- Solar Team Twente is participating in the Bridgestone World Solar Challenge in October
- Last week the team tested the aerodynamic properties of the RED E solar car in a wind tunnel
- he test was successful, as the air resistance of solar car RED E corresponds to that of a coke can
During the presentation of their newest solar car, Solar Team Twente already expressed their expectations: solar car RED E would have a similar air resistance as that of a coke can. The wind tunnel results have confirmed this expectation, also confirming that the air resistance is even lower than the previous editions’ RED Shift solar car. This is largely due to the compact shape of the solar car. By choosing gallium arsenide solar cells, mainly used in space travel, it became possible to decrease the size of the car. RED E is now the smallest solar car of Solar Team Twente ever, positively influencing its aerodynamic properties.
Students from the Saxion University of Applied Sciences and the University of Twente are testing the car’s air resistance experienced in a wind tunnel. Mariska Bos explains how this testing method works: “We place the car on a scale that can measure forces very precisely in all directions. We then test the car at different wind speeds and conditions. We are interested in the forces that affect the car because, with them, we can predict how much energy it will take to drive at certain speeds during the Bridgestone World Solar Challenge in Australia. In addition to the RED E solar car, RED Shift was tested recently under the same conditions. This made it easier to compare the results.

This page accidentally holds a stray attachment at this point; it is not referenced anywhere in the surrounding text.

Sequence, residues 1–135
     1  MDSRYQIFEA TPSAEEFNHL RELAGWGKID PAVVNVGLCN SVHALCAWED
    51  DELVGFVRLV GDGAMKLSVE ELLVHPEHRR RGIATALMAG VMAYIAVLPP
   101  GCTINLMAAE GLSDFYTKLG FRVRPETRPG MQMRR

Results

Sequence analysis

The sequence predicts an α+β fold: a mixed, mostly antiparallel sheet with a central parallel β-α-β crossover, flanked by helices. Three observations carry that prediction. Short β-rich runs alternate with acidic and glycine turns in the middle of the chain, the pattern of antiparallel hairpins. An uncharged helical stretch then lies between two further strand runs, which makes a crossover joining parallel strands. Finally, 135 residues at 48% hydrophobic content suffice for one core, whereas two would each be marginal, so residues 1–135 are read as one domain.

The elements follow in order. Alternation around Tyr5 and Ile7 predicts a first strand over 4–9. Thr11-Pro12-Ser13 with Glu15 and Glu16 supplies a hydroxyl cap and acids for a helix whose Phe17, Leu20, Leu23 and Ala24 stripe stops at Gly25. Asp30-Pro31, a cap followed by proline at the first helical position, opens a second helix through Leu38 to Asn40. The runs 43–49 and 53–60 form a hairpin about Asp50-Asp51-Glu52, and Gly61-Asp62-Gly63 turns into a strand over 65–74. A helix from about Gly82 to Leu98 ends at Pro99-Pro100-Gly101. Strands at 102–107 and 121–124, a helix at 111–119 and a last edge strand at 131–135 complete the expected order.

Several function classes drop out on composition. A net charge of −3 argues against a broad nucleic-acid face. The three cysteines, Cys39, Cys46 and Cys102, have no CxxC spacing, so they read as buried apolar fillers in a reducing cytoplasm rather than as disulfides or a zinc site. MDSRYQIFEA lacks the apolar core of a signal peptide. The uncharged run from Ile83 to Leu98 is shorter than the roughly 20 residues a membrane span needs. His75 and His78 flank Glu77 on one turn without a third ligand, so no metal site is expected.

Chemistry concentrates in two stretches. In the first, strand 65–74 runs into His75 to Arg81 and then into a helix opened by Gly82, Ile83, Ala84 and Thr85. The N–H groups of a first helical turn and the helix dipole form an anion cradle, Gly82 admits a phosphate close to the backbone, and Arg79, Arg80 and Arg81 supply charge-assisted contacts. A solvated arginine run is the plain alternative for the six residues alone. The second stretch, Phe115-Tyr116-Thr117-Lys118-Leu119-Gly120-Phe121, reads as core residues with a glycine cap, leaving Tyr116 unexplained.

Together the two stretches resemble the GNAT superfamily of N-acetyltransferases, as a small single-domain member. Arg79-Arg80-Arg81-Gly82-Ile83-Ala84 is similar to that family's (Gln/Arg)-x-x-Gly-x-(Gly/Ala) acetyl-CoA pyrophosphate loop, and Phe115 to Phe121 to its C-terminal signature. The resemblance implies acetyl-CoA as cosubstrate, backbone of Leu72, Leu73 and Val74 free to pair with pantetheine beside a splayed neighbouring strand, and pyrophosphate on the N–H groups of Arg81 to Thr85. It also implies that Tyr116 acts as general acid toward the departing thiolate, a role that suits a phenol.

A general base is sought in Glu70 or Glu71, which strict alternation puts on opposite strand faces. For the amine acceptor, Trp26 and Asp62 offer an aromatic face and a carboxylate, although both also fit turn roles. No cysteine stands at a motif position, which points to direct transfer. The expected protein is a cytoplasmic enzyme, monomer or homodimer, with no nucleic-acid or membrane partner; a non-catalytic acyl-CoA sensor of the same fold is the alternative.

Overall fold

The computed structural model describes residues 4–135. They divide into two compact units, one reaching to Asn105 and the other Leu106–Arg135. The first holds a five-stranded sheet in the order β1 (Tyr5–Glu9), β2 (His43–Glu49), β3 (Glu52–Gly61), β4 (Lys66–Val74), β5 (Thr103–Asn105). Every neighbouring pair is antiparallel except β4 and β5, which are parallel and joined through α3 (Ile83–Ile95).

Solar car RED E is Solar Team Twente’s smallest solar car ever. Because of this size, it fits in the wind tunnel. RED Shift was the first car that fitted in a wind tunnel, making the test results much more accurate. The alternative is a scale model; however, they often lack details such as partial lines and small changes in shape due to imperfections from the production process. All such details influence the air resistance. “The measured aerodynamic properties in the wind tunnel are at the basis of a performance model of the car, which is essential for the racing strategy”, says Hans Maseland of the Royal Netherlands Aerospace Center (NLR). NLR supports the students in aerodynamic design and construction. “At all times during the design process, the aim must be that the aerodynamic characteristics of the new car must be at least 2% better than those of all competitors. If that is the case, there is a chance to win.”
The aerodynamics engineers spent more than 3000 hours on the design of the solar car, which corresponds to the number of kilometres the team will be driving in Australia during the Bridgestone World Solar Challenge. Mariska: “It was quite a complicated process at times because the possibilities are endless. There are so many things you can do that improve your design. Fortunately, we received much help from former team members and Hans Maseland from NLR. They helped us interpret results, checked that we did not forget anything and thought along to solve problems.”
On October 13, 2019, Solar Team Twente will be at the start of the Bridgestone World Solar Challenge, the most prestigious race for solar cars. With more than fifty other international participants, Solar Team Twente drives the solar car 3,000-kilometre right through the outback of Australia. The race has three different classes. Solar Team Twente is participating in the Challenger Class, the Formula 1 class for solar cars.
The Solar Team Twente consists of nineteen students from the Saxion University of Applied Sciences and the University of Twente. In addition to the students, Solar Team Twente consists of a strong network of over 150 innovative partners. Top sport is practised together, and so is the process of building the fastest solar car in the world. The Solar Team Twente believes in their motto “Challenge triggers innovation”. That is why the team participates in the Bridgestone World Solar Challenge with its solar car. The goal is two-fold: winning the race, but also generating attention for the possibilities of solar energy.